Coping With Grief During The Christmas Season
Typically the Christmas season brings a sense of anticipation of joy, family and friends gathering to celebrate, an overabundance of food, laughter, food comas and when you’re grieving, reflection.
The first Christmas after mum passed away was tough. All the traditions we usually kept no longer felt filled with any life. However, we had young kids that still needed some fun and laughter despite my heart being positioned southwards. What to do? We made a conscious decision to minimise the joy and change the traditions. Breakfast with just immediate family, lunch by the bay with the greater circle of immediate family, and a dinner of leftovers was sufficient for all.
Honouring that none of the adults felt much like celebrating was important. This conclusion was only achieved through all the adults openly communicating their perspectives. Personally, the previous Christmas I’d been feeding mum icecream as she was already very ill. I needed this Christmas to be a time of reflection. Blending the joviality and reflection meant that at times I jumped out of reflection and enjoyed the kids too, thereby creating new memories in new environments.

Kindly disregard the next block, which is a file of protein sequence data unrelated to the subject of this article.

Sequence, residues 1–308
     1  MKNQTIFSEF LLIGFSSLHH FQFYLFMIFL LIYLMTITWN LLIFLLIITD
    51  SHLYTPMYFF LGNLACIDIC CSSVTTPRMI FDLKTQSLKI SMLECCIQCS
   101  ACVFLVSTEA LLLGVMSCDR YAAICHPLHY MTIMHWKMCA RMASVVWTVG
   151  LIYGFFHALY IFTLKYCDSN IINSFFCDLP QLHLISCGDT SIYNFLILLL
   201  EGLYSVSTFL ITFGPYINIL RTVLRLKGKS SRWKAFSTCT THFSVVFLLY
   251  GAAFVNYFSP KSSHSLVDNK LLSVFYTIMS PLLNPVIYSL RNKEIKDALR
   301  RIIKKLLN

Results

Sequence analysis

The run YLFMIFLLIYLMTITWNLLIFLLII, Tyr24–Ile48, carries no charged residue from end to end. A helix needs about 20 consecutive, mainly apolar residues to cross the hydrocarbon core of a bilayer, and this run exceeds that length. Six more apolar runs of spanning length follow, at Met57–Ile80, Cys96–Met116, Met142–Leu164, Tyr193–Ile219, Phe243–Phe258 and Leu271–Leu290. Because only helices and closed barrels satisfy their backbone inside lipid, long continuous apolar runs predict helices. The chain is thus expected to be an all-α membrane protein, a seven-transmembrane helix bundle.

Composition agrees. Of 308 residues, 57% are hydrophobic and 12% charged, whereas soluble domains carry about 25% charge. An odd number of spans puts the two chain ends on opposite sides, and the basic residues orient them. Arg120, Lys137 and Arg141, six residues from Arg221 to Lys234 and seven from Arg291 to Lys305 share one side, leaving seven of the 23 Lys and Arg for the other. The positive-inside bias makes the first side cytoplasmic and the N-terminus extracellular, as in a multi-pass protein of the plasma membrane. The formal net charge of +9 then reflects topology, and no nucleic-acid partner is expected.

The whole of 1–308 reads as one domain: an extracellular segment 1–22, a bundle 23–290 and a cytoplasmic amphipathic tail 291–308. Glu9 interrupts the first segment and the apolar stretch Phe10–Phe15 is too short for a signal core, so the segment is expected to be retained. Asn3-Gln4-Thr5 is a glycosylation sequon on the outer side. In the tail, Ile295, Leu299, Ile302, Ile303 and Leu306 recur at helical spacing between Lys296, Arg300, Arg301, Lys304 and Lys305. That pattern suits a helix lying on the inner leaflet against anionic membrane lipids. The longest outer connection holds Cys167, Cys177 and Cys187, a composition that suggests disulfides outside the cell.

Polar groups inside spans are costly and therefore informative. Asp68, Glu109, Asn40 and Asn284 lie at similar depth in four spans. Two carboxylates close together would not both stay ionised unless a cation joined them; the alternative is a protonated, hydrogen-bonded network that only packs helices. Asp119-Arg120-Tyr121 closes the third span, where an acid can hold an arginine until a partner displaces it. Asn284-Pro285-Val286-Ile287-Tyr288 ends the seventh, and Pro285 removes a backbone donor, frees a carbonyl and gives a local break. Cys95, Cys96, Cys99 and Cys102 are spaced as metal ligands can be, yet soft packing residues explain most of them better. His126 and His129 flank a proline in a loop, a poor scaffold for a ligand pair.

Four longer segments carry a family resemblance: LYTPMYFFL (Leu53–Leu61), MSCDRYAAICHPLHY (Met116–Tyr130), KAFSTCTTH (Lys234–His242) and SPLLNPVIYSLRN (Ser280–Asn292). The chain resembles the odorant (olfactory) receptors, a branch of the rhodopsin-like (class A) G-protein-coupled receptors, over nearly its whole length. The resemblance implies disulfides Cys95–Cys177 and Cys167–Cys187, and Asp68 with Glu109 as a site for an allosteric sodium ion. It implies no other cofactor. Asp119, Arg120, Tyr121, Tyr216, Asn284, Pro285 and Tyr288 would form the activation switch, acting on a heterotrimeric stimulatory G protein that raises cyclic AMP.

Having lunch by the bay got all of us out of the house, where we’d spent the previous Christmas. You may like to think about the impact the space around you will have and how you can modify it to suit you and the needs of your family. Don’t be afraid to speak up and offer different solutions. Write down the suggestions and give people time to adjust. Be willing to compromise as not everyone can handle change and will prefer to keep traditions. If traditions are preferred then examine how you can balance your time with the traditional and create new traditions you'll be comfortable participating in.
The most valuable time for me that first Christmas was when I spent time alone. I left early in the morning and sat down at the bay, journal in hand. Writing a letter to my mum, about the year that had passed, plus downloading my miasma of emotions helped me clear a space for the rest of the day. What could you do to give you breathing space for the remainder of the day? Plan in advance, and discuss your plans only with those who need to know.
Above and beyond everyone and everything else, throw guilt to the curb. You’ve been given the gift of life this year, and that’s what Christmas is about. Celebrating the gift of life. Give yourself permission to enjoy your gift, to celebrate the gift of life your loved one shared with you and the memories you shared together. This can make this time of year very jolly indeed.
Wishing you and yours a Christmas of shared Joy.
Written by Linda Turner.